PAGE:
All It Takes Is a Franchise

All It Takes Is a Franchise

So many announcements this month, what with the ever-growing New York Comic Con, but this one caught my eye because of how little information it had and how unexpected (but sensible) it was. Dynamite Entertainment, home of comics starring James Bond, Betty Boop, Xena, Tarzan, and characters from Battlestar Galactica, Bob’s Burgers, and Grimm, among many other properties, has announced a bunch of new licensed titles coming next year. Among them is one aimed away from the traditionally male comic-shop […]

So many announcements this month, what with the ever-growing New York Comic Con, but this one caught my eye because of how little information it had and how unexpected (but sensible) it was.

Dynamite Entertainment, home of comics starring James Bond, Betty Boop, Xena, Tarzan, and characters from Battlestar Galactica, Bob’s Burgers, and Grimm, among many other properties, has announced a bunch of new licensed titles coming next year. Among them is one aimed away from the traditionally male comic-shop market.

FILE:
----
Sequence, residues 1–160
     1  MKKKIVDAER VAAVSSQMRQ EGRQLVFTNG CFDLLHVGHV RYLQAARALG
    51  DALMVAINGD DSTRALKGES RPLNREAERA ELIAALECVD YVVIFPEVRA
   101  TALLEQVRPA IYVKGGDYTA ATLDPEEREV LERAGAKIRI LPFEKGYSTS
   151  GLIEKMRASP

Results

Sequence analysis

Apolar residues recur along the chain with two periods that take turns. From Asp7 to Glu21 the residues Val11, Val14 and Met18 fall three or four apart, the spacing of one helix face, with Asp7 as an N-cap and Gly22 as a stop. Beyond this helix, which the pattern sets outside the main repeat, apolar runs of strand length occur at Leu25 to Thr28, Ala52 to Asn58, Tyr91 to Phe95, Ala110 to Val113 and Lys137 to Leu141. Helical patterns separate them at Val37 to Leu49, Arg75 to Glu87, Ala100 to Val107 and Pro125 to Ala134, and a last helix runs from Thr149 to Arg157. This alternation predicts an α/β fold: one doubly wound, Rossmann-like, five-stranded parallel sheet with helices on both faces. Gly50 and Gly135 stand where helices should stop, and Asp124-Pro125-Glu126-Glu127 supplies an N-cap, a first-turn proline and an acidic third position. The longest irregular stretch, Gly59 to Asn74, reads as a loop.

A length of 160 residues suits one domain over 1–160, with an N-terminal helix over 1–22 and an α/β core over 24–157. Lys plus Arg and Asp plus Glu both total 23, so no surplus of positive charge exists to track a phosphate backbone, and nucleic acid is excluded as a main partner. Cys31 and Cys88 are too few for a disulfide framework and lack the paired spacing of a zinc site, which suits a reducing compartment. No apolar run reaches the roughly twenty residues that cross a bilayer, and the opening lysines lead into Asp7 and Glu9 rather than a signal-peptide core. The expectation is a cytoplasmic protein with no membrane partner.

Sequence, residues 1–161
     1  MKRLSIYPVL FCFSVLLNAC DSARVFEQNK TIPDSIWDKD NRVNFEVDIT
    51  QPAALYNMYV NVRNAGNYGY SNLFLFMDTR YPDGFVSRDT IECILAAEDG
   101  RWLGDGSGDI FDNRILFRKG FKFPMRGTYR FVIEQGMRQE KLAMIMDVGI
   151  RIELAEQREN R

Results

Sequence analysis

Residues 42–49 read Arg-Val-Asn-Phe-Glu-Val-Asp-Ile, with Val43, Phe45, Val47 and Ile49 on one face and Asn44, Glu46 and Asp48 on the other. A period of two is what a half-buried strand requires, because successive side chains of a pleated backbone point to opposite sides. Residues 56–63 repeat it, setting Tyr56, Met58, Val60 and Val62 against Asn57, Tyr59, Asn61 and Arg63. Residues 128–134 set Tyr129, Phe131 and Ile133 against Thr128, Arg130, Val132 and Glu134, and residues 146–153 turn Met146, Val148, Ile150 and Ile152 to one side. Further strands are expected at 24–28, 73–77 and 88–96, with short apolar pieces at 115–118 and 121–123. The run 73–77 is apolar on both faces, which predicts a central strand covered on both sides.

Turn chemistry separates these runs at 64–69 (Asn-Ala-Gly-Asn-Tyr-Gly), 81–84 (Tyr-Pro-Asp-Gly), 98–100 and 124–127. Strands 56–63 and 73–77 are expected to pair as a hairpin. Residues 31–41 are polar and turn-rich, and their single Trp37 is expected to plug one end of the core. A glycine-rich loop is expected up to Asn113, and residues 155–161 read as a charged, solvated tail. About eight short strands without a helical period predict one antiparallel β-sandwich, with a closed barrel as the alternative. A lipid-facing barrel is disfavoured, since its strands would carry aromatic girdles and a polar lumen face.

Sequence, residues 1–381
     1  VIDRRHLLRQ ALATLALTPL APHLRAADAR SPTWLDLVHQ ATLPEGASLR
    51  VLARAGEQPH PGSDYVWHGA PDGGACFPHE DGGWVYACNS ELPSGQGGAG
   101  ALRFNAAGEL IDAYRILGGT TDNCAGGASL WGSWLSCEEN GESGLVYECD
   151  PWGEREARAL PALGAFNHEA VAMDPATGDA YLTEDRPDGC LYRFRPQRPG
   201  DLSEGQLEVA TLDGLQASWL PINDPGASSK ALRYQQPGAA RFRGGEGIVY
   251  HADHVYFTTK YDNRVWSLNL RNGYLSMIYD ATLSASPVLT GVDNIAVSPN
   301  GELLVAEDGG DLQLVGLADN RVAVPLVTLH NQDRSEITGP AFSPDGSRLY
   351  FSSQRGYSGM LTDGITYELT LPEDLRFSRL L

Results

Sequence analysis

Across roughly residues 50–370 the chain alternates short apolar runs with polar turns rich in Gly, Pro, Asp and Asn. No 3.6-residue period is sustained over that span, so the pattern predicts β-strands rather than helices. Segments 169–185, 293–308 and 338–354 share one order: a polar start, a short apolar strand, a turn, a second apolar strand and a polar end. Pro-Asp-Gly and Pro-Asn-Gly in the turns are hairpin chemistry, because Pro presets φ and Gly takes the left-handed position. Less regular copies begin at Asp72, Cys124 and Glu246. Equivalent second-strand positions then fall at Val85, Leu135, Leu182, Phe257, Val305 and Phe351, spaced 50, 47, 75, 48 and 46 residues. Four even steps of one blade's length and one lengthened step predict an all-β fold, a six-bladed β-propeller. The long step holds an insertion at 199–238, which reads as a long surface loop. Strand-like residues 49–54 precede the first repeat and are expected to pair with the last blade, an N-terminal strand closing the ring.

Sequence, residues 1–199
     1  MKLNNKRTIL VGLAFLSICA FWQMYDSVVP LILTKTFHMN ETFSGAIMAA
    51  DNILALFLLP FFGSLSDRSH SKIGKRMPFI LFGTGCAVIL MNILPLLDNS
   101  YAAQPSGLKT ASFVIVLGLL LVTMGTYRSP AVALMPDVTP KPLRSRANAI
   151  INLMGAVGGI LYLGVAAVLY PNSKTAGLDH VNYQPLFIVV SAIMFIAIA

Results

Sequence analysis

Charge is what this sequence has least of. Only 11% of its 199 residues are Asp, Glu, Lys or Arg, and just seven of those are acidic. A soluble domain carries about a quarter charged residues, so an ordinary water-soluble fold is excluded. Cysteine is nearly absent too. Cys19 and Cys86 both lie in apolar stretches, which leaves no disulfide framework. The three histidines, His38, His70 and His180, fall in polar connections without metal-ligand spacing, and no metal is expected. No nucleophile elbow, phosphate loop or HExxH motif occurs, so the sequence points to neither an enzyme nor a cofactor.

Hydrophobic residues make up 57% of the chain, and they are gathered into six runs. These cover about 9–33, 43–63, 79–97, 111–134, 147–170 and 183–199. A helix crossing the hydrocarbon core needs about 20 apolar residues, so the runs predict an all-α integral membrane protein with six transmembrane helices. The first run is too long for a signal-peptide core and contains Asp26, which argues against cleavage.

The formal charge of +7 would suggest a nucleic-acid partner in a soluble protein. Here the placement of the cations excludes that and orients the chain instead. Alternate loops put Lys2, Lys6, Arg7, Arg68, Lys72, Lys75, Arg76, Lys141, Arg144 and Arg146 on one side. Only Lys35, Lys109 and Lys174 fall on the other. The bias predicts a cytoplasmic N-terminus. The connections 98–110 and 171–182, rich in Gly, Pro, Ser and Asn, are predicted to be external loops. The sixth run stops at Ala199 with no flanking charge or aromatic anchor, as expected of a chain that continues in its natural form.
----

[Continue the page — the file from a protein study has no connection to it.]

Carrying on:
Sweet Valley High was a set of YA soap opera novels starring twin California teens Elizabeth and Jessica. It began in 1983 and eventually ran to over 600 books over 20 years. (Plus a TV show from 1994-7.)

The

The first Sweet Valley High novel (original cover)

The

The first Sweet Valley High novel (reissue cover)

In 2017, it’s going to be a comic from Dynamite. No word on who’s writing or drawing, but just getting the rights to the brand name is enough to qualify as news. After all, this comes with a large potential audience, now nostalgic for the works they loved as kids, and we already know they’re readers. That’s why these “all-new adventures” will be original graphic novels, not serialized comics, because books are more suitable to their market.

The publisher hopes to capture teen readers with the effort, and a familiar brand name is reassuring to parents. The Baby-Sitters Club, a similar but younger-aimed property, has been a huge hit with just four comic adaptations. I’ll be interested to see how well Dynamite captures adolescent romance and soap opera. A lot will depend, of course, on who works on the book. Snarky comment: Since a lot of commercially focused comic artists draw women to look alike anyway, having someone illustrate twins is making a virtue out of necessity!